Continuous Delivery on Octopus Deploy using Pulumi
Continuous delivery is about making changes in your application and getting them into production securely, quickly, and consistently. Pulumi’s infrastructure as code approach uses source code to model cloud resources, making it ideal for continuous delivery. Your infrastructure code can share the same process as your application code including running unit and integration tests, performing code reviews via Pull Requests, and examining your infrastructure using linters or static analysis tools. Like your application, your cloud infrastructure can be validated and tested before deploying to production. Pulumi can integrate into any CI/CD system (such as Jenkins, Azure DevOps, CircleCI, TravisCI, Codefresh, and others), so let’s take a look at how to implement a deployment server, using Octopus as an example.
Octopus Deploy is a deployment automation server that integrates with your existing build pipeline or through a REST API. You can select the environments for deploying your software, and who has rights to complete a deployment. For example, the QA team can deploy to the Test environment but not to Development or Production. Different team members may trigger deployments, and the deployment process is always consistent.
Continuous Delivery with Octopus Deploy
Deployment targets are grouped in environments in Octopus. Environments represent different stages of the deployment pipeline that your software passes through on its way to a release. A common practice is to create unique Development, Test, and Production environments. Octopus Deploy lets you deploy the correct versions of your software, with the right configuration for the appropriate environment.
Pulumi’s guide to implementing Octopus Deploy walks you through the process of implementing an environment for deploying a Python flask application on AWS Fargate. Before starting, make sure you have met the prerequisites.
Octopus environments are analogous to Pulumi stacks. If you have Development, Test, and Production Octopus environments, you would create a Pulumi stack for each environment. The application being deployed is a Pulumi project. Octopus uses packages that contain the source code bundled in a supported format such as .zip files, gzip or bzip tar files, Java archive formats such as .jar or .war, and Docker images. Pulumi apps can be packaged in the desired format and extracted onto a Octopus worker that the Pulumi CLI can access.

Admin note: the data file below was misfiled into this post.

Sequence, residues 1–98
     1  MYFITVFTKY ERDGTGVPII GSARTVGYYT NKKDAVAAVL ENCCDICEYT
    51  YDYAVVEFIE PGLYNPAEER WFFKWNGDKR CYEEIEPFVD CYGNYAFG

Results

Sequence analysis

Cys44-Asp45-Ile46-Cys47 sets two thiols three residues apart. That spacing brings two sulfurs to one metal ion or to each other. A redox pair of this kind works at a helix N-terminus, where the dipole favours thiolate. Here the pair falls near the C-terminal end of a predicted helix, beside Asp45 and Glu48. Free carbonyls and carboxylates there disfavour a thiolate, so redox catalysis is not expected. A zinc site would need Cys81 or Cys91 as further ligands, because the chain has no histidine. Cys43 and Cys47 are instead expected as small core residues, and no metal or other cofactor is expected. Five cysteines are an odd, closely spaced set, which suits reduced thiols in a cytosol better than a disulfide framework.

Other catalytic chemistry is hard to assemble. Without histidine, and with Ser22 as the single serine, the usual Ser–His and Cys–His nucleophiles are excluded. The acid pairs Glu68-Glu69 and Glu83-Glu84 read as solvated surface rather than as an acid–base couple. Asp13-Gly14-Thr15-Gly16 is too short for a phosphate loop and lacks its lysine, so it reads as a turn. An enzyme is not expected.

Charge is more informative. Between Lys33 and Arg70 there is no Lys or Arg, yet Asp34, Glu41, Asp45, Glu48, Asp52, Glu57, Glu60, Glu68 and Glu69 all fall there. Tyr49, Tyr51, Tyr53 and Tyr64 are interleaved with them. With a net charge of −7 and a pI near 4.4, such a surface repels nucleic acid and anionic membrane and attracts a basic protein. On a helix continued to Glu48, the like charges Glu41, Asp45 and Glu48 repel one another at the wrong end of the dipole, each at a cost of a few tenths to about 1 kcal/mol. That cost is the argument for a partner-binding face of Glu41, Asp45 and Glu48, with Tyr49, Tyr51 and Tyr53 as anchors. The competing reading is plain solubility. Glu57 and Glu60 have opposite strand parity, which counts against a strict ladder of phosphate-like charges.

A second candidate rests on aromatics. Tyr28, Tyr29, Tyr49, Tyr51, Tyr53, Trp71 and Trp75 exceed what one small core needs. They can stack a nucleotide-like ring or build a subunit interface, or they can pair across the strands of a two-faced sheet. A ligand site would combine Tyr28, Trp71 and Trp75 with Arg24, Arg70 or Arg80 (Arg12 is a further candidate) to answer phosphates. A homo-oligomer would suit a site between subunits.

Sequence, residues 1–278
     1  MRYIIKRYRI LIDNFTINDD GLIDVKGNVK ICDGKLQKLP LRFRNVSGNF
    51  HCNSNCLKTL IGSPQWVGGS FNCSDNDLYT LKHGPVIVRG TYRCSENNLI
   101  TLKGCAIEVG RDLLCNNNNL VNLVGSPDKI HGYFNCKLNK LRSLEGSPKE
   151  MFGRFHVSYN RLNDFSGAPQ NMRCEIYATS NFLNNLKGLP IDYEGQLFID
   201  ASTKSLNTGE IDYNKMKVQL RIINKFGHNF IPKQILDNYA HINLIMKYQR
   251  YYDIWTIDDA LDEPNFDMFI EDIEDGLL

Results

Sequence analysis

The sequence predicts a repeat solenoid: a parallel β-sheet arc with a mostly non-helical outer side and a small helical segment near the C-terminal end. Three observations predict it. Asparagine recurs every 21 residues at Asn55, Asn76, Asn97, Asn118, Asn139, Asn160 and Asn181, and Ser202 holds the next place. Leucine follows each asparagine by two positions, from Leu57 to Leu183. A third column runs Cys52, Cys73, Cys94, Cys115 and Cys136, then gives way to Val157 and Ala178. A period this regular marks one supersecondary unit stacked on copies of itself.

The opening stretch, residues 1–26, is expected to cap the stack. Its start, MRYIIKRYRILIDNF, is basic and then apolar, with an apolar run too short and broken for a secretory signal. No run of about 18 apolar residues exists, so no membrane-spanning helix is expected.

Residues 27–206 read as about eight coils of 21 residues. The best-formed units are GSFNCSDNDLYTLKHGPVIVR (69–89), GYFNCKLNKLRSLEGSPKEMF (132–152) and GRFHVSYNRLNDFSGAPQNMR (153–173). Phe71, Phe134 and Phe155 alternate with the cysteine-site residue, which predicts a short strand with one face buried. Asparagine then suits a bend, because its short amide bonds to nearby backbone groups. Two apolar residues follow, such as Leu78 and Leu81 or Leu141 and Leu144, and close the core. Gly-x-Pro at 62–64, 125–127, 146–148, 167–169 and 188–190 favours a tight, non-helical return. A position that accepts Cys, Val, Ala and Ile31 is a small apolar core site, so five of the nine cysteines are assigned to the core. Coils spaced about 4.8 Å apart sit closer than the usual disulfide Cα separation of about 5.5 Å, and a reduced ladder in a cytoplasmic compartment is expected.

In Octopus, a Process is made up of the steps needed to execute a project. To deploy a Pulumi package, additional steps are needed to extract the code. You can add a step to a process by using the Octopus menu. In the Process section, select Add Step to add the package. You will need to specify the package feed, the package id and a package name. The step can be further customized by adding a script that specifies where to extract the package.
To deploy your Pulumi package, select Add Step again and search for the
Pulumi template from the Community Library Steps. Fill out the template with the appropriate configuration parameters for your stack. Next, create a release from by selecting Releases and click Create Release and follow the instructions.
Using a CI/CD to build and deploy Pulumi applications can be a straightforward process. Try deploying a Pulumi application with Octopus Deploy with our continuous delivery guide.